Low GI sugar
If you have a sweet tooth, the good news is that biotech company Horizon Science has developed the world’s first totally natural low GI sugar (GI 51). The bad news is that it won’t be on a supermarket shelf near you until late 2008. We’ll keep you posted on the launch date along with the brand names it will be sold under worldwide, whether it will carry a GI symbol along with a special low GI recipe or two. We haven’t seen it or tasted it ourselves yet, but Dr David Kannar, chief scientific officer at Horizon tells us that: ‘It’s a honey-coloured, crystalline sugar that’s just as sweet as standard table sugar (sucrose) but with a slightly golden syrup flavour. In fact in blind taste tests so far the taste of the new low GI sugar was preferred over white sugar.’ As for using it in your favorite recipes, ‘tablespoon for tablespoon, you can use this low GI sugar in your cooking because it has the same bulk and texture as normal sugar,’ he said. ‘Think of it as an under-refined sugar that retains a lot of the organic nutrients from parts of sugar cane that traditionally have been discarded as waste during processing.’
Convenience meals for the US and Canada
Increasingly consumers want their grocery choices to deliver convenience, taste and health benefits. The new US and Canadian edition of The Shopper’s Guide to GI Values 2007 includes the latest GI values of 14 President’s Choice Blue Menu meals and 12 NutriSystem prepared and convenience meals along with serves sizes, available carbs and glycemic load. There’s plenty of choice for low GI meals in minutes all clinically tested by GI Labs in Toronto. It’s encouraging to see companies providing lower GI, lower fat, portion-controlled convenience foods for people with no time to cook. And it’s even more encouraging to see them invest in GI testing and making that information available to consumers in this handy, pocket-sized Shopper’s Guide. Pick up a copy from your local bookshop or Amazon to check out the values.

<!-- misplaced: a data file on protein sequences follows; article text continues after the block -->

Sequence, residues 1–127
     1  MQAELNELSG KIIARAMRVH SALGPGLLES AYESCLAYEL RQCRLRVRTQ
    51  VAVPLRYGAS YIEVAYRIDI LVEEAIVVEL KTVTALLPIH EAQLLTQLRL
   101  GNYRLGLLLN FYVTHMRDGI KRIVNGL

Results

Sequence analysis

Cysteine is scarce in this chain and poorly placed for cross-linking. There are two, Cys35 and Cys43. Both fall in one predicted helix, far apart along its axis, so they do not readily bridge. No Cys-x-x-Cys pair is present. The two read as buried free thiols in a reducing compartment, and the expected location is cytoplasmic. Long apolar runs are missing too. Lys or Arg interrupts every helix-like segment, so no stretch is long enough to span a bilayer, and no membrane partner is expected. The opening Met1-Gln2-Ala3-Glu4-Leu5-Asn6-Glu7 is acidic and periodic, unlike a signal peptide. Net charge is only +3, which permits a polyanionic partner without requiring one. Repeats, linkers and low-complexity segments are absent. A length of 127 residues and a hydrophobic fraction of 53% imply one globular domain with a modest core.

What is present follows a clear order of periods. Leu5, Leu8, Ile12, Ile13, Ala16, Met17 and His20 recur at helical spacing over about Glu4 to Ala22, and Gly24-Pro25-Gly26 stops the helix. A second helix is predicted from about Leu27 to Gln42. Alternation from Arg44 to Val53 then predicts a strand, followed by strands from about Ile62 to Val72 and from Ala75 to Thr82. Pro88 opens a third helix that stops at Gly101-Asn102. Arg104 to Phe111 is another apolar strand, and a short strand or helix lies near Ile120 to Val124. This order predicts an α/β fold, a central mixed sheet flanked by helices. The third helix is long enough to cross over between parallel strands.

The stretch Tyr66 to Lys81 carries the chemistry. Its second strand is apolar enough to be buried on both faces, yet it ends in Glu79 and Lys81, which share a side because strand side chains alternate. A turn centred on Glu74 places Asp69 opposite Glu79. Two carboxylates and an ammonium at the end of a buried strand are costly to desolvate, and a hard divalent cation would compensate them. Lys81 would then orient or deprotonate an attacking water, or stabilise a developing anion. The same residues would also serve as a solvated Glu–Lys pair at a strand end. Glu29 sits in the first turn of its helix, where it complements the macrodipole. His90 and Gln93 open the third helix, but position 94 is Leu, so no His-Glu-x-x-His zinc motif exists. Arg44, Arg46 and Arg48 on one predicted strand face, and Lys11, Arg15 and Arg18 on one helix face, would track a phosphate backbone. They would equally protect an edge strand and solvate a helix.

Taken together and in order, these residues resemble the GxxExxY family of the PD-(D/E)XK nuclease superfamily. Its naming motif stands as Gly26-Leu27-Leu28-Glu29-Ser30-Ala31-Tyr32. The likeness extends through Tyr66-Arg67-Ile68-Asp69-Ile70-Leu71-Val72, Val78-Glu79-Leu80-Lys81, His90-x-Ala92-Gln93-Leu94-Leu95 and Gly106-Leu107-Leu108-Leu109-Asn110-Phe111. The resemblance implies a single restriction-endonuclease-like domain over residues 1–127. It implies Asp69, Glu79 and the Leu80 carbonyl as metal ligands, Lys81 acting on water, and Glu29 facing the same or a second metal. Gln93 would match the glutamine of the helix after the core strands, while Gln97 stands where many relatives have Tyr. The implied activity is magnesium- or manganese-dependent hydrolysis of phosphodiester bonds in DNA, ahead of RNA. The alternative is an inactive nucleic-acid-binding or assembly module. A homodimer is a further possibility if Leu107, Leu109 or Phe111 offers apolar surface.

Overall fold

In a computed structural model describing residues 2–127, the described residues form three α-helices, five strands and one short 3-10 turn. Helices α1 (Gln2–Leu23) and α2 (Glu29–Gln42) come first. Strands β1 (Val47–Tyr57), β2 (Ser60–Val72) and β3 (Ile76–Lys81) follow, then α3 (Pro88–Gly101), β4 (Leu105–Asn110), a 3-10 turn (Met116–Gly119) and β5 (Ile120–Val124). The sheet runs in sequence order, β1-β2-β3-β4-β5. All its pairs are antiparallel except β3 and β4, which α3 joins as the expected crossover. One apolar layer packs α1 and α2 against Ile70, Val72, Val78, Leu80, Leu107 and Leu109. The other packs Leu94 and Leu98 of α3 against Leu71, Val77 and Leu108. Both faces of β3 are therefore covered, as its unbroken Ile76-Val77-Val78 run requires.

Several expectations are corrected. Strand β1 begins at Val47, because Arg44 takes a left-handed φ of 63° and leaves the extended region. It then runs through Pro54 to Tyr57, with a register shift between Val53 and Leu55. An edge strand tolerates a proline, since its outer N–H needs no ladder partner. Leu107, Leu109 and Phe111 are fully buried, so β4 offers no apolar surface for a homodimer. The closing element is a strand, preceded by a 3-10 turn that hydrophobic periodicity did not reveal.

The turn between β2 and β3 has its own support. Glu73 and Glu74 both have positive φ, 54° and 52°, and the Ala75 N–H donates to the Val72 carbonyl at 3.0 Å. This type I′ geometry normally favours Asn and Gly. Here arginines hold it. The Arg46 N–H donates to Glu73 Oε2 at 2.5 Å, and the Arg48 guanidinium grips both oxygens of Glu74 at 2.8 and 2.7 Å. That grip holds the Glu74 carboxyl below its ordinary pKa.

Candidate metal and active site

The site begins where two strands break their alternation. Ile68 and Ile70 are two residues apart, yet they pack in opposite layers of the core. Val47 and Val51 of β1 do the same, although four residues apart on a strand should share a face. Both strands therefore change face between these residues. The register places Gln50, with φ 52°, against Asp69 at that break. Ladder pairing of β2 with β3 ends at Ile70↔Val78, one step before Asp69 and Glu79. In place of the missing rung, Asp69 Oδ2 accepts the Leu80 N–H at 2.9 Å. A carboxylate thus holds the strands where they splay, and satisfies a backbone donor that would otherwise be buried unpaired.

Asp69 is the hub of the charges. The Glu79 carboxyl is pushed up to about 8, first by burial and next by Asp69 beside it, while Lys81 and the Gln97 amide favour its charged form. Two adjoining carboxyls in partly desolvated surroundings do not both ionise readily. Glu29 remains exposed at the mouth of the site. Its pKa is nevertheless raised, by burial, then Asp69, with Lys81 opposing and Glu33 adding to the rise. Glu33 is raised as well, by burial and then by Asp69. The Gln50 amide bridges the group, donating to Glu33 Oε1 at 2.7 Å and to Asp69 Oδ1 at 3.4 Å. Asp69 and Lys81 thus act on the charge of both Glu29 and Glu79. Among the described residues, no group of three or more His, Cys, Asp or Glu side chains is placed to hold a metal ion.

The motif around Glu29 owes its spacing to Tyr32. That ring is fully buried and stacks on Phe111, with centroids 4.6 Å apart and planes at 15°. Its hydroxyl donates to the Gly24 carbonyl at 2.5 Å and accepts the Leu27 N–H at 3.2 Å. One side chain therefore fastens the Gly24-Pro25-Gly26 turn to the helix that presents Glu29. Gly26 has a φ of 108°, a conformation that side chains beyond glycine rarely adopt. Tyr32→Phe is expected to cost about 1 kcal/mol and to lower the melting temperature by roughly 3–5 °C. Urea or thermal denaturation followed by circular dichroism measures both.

Where can I get more information on GI testing?
Research Manager, Sydney University Glycemic Index Research Service (SUGiRS)
Human Nutrition Unit, School of Molecular and Microbial Biosciences
NSW 2006 Australia
Phone + 61 2 9351 6018
Fax: + 61 2 9351 6022
Dr Tracy Perry
The Glycemic Research Group, Dept of Human Nutrition
University of Otago
PO Box 56 Dunedin New Zealand
Phone +64 3 479 7508
GI Symbol NewsWendy’s Chocollo
Wendy’s Chocollo is 99% fat free chocolate ice cream with Vinlife® – a natural source of anti-oxidants made from grapes. Each serve contains the equivalent antioxidants found in a serve of grapes.
Wendy’s Chocollo in a cup (GI 24)
Wendy’s Chocollo shake (GI 21)
Wendy’s Chocollo + cake cone (GI 44)
Wendy’s Chocollo + waffle cone (GI 55)
Where can I get more information on the GI symbol program?
The GI symbol on a food is a guarantee that the stated GI value is reliable and that the food is a healthy choice in its food group. To earn certification, foods that carry the symbol must be a good source of carbohydrate and meet a host of other nutrient criteria including kilojoules (calories), total and saturated fat, sodium (salt), and where appropriate, dietary fibre and calcium. The GI Symbol Program is a public health initiative run by Glycemic Index Limited, a non-profit company whose members are the University of Sydney, Diabetes Australia and the Juvenile Diabetes Research Foundation.